- They must give each other good example and pray for one another, and preserve inviolably the sanctity of marriage (cf. Heb. xiii, 4). Infidelity is a most grievous crime, being: 1st, the violation of a sacramental contract; 2nd, the breach of a vow made before God and the Church; 3rd, a great injustice to the innocent party. If it should be discovered (or suspected, which is often the case), it then sows the seeds of perpetual discord.
- The husband should exercise his authority with prudence, meekness and charity.”The husband is head of the wife, as Christ is head of the Church’ (Ephes. v, 23). Therefore, as Christ is solicitous for the good of His Church, so the husband should be solicitous for his wife.”
- The wife should behave towards her husband with due respect, obedience and submission.”Let women be subject to their husbands, as to the Lord . . . As the Church is subject to Christ, so let wives be to their husbands in all things (Ephes. v, 22, 34).”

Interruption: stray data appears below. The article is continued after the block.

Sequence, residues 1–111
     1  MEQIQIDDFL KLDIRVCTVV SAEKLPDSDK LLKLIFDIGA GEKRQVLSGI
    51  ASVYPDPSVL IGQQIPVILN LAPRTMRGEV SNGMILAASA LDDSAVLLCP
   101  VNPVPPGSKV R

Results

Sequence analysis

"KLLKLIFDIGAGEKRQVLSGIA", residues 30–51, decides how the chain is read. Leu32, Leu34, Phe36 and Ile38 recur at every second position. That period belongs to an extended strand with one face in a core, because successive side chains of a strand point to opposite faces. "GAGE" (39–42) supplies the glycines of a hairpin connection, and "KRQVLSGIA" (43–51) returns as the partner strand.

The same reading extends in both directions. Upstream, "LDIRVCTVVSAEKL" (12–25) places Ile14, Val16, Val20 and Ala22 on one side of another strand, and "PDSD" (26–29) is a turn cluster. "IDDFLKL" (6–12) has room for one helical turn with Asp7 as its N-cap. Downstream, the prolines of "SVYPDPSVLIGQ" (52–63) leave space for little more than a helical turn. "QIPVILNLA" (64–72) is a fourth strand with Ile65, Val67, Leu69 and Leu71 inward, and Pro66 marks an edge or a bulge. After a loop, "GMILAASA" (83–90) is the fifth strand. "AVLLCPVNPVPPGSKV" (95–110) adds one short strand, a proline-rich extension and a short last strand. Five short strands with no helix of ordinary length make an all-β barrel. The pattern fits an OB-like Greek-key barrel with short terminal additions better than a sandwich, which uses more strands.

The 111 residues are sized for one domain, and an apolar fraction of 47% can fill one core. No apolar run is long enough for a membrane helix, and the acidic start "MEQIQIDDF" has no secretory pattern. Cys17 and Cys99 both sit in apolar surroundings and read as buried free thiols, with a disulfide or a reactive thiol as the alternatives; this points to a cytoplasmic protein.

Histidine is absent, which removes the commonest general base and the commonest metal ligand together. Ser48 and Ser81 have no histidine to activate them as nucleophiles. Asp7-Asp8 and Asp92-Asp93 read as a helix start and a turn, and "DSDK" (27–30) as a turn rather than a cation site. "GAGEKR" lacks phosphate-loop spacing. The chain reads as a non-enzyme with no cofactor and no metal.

If both parties would observe these duties, how happily they would live together!
- There is another very important duty of married people, namely, to bring up their children religiously. They must instruct their children; instill into them religious habits; see to their prayers, confessions and Holy Communions; watch over them; keep them from bad companions and from the occasions of sin; set them good example; and pray for them. These duties towards children lay parents under a heavy responsibility, and yet how often they are neglected!